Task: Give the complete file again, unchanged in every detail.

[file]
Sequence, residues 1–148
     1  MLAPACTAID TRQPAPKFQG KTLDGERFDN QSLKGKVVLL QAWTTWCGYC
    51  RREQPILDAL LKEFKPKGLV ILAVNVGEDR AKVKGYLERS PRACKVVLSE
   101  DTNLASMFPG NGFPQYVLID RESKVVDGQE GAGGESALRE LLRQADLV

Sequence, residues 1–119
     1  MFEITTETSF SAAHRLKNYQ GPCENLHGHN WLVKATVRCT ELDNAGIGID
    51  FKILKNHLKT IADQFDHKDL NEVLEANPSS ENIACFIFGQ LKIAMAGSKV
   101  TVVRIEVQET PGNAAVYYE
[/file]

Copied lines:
Sequence, residues 1–148
     1  MLAPACTAID TRQPAPKFQG KTLDGERFDN QSLKGKVVLL QAWTTWCGYC
    51  RREQPILDAL LKEFKPKGLV ILAVNVGEDR AKVKGYLERS PRACKVVLSE
   101  DTNLASMFPG NGFPQYVLID RESKVVDGQE GAGGESALRE LLRQADLV

Sequence, residues 1–119
     1  MFEITTETSF SAAHRLKNYQ GPCENLHGHN WLVKATVRCT ELDNAGIGID
    51  FKILKNHLKT IADQFDHKDL NEVLEANPSS ENIACFIFGQ LKIAMAGSKV
   101  TVVRIEVQET PGNAAVYYE